Head of Communications & Public Relations for Palm Beach Zoo, Naki Carter, said someone broke into the zoo and pried open a gun safe that stored the weapons.
The night of the break in, Carter says the zoo was under "regular security protocols," which meant that surveillance cameras were working and there was after hours security.
The shotguns are used by the zoo's "critical response team" in cases of emergency. The CRT team Carter said responds to anything from missing children to incidents requiring them to use the shotguns they are trained to use.
The zoo is offering a $1,000 reward for the return of the weapons.
When asked if this was thought to be an "inside job" or "crime of opportunity," Carter had no comment.
If the perpetrator(s) is caught with the weapons, which require a federal permit, they could face 10 years in prison and a fine.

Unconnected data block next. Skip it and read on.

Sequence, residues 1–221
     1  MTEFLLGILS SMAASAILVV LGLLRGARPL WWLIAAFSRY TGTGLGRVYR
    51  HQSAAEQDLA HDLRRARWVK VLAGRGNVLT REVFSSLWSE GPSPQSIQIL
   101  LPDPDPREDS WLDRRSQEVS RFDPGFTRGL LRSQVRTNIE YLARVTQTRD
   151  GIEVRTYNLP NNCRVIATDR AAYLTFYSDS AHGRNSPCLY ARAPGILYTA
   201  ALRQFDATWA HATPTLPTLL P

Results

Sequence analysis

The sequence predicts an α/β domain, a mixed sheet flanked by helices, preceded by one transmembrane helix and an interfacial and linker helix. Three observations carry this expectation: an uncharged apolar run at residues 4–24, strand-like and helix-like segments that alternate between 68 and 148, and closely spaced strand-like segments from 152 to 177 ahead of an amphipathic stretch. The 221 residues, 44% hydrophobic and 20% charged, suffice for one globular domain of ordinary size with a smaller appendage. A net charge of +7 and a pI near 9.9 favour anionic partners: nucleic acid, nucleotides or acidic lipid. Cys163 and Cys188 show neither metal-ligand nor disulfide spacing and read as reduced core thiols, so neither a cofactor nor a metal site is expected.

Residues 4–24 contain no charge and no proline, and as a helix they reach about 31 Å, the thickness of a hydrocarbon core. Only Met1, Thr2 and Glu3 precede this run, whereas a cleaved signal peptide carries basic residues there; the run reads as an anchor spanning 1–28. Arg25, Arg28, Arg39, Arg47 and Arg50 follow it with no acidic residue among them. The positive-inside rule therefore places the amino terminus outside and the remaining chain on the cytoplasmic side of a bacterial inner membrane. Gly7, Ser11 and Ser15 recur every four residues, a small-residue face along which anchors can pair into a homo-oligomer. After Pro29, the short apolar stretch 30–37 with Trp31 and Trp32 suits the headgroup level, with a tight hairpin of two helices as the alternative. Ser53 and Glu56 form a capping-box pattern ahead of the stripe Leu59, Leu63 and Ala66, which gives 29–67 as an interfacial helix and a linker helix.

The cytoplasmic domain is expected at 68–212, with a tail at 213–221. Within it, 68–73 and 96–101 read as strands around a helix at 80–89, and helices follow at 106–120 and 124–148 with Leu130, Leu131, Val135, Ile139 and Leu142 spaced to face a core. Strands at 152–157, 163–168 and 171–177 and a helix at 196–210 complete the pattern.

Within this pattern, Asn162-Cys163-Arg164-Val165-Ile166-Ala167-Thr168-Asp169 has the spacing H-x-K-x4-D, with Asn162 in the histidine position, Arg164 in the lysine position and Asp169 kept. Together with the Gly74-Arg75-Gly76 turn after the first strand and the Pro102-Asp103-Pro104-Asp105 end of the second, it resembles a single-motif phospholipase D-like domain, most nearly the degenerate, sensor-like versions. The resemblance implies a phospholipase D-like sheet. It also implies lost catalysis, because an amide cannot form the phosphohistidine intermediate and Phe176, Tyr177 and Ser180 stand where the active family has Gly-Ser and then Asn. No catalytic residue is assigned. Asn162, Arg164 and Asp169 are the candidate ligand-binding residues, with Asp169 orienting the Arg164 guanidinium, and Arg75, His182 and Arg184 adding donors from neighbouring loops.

Carter says Palm Beach Zoo has increased security measures since the theft, but will not go into detail as to what those measures entail.
The Palm Beach Zoo has made headlines for two other high-profile incidents.
In April 2016, a zookeeper was mauled by a tiger. A report filed by Florida Fish and Wildflife Conservation Commission (FWC) says during the accidental death Stacey Konwiser violated zoo policy by entering an enclosure a tiger had access to.
In October 2017, FWC reports a zookeeper accidentally left the water running in the bush dogs exhibit. The exhibit was flooded out and two bush dogs died.
Zoo CEO Andrew Aiken resigned about 3 weeks after the incident. It's unclear if the resignation was connected to the deaths of the bush dogs. He was also in charge during the tiger mauling in 2016.
The new CEO, Margo McKnight is expected to assume her post on May 21, 2018.
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